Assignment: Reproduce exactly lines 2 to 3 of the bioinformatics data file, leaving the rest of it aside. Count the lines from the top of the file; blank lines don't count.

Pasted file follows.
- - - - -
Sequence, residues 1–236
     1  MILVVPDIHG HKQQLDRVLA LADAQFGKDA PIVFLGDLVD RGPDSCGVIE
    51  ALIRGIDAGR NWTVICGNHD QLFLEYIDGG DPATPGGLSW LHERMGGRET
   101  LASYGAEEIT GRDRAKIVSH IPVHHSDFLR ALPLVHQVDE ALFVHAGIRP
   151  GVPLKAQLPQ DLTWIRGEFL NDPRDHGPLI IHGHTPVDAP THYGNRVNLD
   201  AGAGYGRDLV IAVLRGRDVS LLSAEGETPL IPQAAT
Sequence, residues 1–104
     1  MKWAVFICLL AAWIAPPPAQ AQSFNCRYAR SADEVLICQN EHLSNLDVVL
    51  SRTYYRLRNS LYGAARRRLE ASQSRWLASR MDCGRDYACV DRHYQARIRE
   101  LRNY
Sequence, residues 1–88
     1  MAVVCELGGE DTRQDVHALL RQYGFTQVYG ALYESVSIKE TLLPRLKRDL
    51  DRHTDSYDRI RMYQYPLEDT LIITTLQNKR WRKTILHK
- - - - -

     1  MILVVPDIHG HKQQLDRVLA LADAQFGKDA PIVFLGDLVD RGPDSCGVIE
    51  ALIRGIDAGR NWTVICGNHD QLFLEYIDGG DPATPGGLSW LHERMGGRET